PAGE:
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A 13-year-old schoolgirl found hanged at her home “had no intention of taking her own life,” an inquest has learned.
Faith Hindle, of Salford, committed suicide a day after telling an “overburned” mental health nurse that she feared she could not protect herself. She was pronounced dead at the Royal Manchester Children’s Hospital after she was found hanged at her family’s home in Cadishead on December 8, 2018.
During an inquest at Bolton Coroner’s Court today, a coroner ruled Faith, a student of Irlam and Cadishead Sports College, has died as a result of “adversity”. During the hearing, Faith’s family, school and primary care practice had been trying to help her access mental health care in the months leading up to her death after she began self-harm.
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In August 2018, two referrals were made to Salford Children and Adolescent Mental Health Service (CAMHS) after Faith attempted suicide, the inquest learned. Tayaba Nicholson, a mental health practitioner at Salford CAMHS, took the referral and promised to see Faith on a “three to four week basis.”
Dawn Dunleavy, a mental health therapist with the Salford Mental Health Liaison Team – based at Salford Royal Hospital – said she saw Faith on September 17 after taking an overdose at school. She said Faith told her she had an argument with a friend and overdosed because “she thought it would help her forget”.
Ms Dunleavy said the teen denied having suicidal thoughts but admitted she had previously cut her arm while upset. She then spoke to Faith as she was taken to the emergency room by her father, Lee, after she bumped into a wall at school and bruised her hand.
Faith also appeared to have a ligature on her neck, Ms Dunleavy told the hearing. Salford CAMHS was informed and Faith was referred to the Junction 17 wing of Prestwich Hospital.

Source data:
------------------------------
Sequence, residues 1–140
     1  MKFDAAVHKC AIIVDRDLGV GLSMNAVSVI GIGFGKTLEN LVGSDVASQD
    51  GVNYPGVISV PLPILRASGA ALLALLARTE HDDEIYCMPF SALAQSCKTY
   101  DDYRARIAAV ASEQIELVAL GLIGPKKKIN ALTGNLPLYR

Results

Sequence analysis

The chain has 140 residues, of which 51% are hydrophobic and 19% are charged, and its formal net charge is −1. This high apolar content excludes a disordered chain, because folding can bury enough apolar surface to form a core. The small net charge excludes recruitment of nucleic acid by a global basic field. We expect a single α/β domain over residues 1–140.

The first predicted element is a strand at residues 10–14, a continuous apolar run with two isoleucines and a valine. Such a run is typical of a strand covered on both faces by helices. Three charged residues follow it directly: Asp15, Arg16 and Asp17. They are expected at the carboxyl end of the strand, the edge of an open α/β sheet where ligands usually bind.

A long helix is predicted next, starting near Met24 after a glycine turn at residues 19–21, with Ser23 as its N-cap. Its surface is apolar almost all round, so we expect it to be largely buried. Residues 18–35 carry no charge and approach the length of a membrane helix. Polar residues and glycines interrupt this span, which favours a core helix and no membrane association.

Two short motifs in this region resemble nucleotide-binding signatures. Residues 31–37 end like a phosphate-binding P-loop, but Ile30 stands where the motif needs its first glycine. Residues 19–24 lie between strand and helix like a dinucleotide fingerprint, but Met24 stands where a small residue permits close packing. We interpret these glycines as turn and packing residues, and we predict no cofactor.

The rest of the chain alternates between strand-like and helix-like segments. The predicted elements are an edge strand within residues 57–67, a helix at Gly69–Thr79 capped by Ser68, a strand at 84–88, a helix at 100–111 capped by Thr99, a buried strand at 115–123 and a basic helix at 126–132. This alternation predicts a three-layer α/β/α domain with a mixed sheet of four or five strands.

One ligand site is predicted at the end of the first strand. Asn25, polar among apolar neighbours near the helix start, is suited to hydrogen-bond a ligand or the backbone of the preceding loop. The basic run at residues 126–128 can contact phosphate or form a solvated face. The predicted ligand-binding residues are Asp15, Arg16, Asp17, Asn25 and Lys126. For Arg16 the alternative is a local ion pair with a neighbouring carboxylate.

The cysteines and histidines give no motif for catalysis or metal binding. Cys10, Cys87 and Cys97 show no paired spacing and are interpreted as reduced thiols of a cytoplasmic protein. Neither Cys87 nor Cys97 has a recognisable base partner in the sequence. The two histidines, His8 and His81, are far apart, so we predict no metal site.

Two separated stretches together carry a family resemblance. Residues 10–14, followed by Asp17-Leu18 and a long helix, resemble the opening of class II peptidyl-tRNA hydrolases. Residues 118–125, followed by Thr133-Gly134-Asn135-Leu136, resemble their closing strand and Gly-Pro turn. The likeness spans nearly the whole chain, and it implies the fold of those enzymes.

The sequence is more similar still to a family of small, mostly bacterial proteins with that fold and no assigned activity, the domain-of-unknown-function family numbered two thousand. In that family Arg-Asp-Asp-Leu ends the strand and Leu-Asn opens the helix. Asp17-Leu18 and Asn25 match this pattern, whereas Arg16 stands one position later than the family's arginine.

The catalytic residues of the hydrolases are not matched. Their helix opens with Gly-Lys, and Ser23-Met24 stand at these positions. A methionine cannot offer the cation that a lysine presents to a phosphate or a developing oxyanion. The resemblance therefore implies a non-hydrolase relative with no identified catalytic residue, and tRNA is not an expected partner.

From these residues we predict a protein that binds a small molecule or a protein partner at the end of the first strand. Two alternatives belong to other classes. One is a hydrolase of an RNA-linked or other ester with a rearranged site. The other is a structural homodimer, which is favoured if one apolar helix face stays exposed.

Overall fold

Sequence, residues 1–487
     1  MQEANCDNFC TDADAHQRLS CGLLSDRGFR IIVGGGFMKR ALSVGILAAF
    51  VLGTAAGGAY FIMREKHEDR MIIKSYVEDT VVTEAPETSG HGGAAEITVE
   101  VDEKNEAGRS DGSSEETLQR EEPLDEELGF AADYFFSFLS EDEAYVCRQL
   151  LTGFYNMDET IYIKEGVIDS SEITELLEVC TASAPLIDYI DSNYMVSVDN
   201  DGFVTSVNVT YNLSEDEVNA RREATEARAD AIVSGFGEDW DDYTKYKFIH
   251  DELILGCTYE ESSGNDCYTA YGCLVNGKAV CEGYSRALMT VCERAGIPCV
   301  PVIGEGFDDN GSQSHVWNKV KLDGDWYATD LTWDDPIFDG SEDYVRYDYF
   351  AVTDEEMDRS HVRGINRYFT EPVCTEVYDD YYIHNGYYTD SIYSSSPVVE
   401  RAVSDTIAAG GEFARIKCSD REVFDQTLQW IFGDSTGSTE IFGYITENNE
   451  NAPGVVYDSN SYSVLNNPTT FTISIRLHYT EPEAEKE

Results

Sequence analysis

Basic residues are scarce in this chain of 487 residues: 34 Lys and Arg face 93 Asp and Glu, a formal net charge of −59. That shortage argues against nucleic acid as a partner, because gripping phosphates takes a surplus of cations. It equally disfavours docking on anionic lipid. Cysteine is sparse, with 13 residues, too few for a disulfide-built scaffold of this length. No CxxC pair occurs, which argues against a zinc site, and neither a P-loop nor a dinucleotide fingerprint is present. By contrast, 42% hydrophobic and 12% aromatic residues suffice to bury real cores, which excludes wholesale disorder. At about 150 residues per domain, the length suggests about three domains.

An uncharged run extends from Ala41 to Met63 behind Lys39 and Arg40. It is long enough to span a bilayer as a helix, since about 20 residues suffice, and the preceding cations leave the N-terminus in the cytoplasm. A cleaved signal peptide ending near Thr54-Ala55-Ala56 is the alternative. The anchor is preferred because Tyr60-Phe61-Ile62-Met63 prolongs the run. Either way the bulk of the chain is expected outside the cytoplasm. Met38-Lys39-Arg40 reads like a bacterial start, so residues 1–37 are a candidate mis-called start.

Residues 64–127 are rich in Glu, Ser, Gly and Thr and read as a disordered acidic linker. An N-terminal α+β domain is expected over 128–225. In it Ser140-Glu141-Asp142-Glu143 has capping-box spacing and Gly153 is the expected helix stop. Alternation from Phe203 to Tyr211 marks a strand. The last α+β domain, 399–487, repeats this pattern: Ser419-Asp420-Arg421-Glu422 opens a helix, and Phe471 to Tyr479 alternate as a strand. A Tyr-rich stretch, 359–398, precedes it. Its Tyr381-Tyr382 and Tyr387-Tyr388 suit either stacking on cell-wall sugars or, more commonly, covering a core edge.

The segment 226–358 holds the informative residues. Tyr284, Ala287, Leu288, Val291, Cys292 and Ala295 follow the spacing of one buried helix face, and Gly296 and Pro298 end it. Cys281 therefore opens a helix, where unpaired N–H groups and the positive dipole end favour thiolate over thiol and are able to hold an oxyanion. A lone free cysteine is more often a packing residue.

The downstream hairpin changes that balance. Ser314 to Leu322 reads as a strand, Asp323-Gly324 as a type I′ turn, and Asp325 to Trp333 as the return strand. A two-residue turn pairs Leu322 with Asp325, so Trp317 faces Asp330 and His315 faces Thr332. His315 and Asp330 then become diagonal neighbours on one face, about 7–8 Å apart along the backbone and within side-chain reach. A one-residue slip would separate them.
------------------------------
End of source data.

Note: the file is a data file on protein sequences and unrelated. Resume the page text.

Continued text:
While attending Cloughside College, a hospitalized school, Faith made several Internet searches, referencing “suicide,” “hanging” and “easy ways to commit suicide.” Headteacher Karen Ingham told the hearing that on Nov. 20, staff received a warning to say Faith had made the three searches within a six-minute period.
Ms Ingham added Faith would have known the searches were being monitored and said she had subsequently contacted the teen’s mother to inform her.
The inquest found that during an appointment with Ms. Nicholson on Nov. 27 – after she was fired from Junction 17 – Faith rated her mood as “two out of ten” and revealed that she “still wanted to kill herself”. At the time, the risk to her was considered “high,” but the hearing was told it was then reduced for her next appointment on December 7.
During that telephone consultation—the day before Faith’s death—she told Ms. Nicholson that she had daily suicidal thoughts and felt unable to protect herself. However, the inquest found that Ms Nicholson considered Faith’s presentation on the phone “as before” and all risks were controlled.
Faith’s parents were unaware of what she had said during the appointment and Ms Nicholson told the inquest she had a “very heavy caseload” at the time.
The next day Faith met a group of friends. When the friends left her shortly before 8 p.m., they said she appeared to be in a “good mood.” The inquest learned that Faith then returned home before her mother found her hanged in a bedroom at 10:20 p.m.
Paramedics attended and Faith was taken to the Royal Manchester Children’s Hospital, where she was pronounced dead by medics. A pathologist listed Faith’s cause of death as “hanging”.
Recording a conclusion of “adversity”, coroner John Pollard ruled that Faith “had no intention of causing her death”.
He said: “I know from the evidence I’ve heard that Faith tried to end her life on several occasions. All her actions amounted to a series of cries for help or attention.”
The coroner added that he believed that instead of Faith planning to kill herself, she thought she would be “found and cared for”. Pollard described the support given to Faith as “patchy in its effectiveness”, but said any shortcomings were due to a “well-intentioned but overburdened person”.
“This was not a system error, just a matter of work volume,” he added.
Samaritans (116 123) samaritans.org has a 24 hour service available every day of the year. If you’d rather write down how you feel, or if you’re concerned about being tapped on the phone, email Samaritans at email@example.com, write to Freepost RSRB-KKBY-CYJK, PO Box 9090, STIRLING , FK8 2SA and visit www.samaritans.org/branches to find your nearest branch.
mind 0300 123 3393 Monday to Friday 9am to 6pm) promotes the views and needs of people with mental health problems. Visit www.mind.org.uk
CALM (0800 58 58 58) thecalmzone.net has a helpline is for men who for any reason are down or against a wall, who want to talk or find information and support. They are open 365 days a year from 5pm to midnight.
HEALTHY (0300 304 7000) Emotional support, information and guidance for people with mental illness, their families and carers, daily from 4.30pm to 10.30pm. Visit www.sane.org.uk/support
For information on your local NHS urgent mental health helpline, visit here